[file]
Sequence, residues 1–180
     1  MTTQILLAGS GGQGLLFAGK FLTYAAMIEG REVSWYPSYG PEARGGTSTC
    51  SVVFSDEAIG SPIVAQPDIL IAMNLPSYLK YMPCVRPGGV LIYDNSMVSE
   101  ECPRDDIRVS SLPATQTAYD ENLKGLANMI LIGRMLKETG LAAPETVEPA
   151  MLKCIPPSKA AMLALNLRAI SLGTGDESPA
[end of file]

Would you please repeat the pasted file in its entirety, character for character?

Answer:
Sequence, residues 1–180
     1  MTTQILLAGS GGQGLLFAGK FLTYAAMIEG REVSWYPSYG PEARGGTSTC
    51  SVVFSDEAIG SPIVAQPDIL IAMNLPSYLK YMPCVRPGGV LIYDNSMVSE
   101  ECPRDDIRVS SLPATQTAYD ENLKGLANMI LIGRMLKETG LAAPETVEPA
   151  MLKCIPPSKA AMLALNLRAI SLGTGDESPA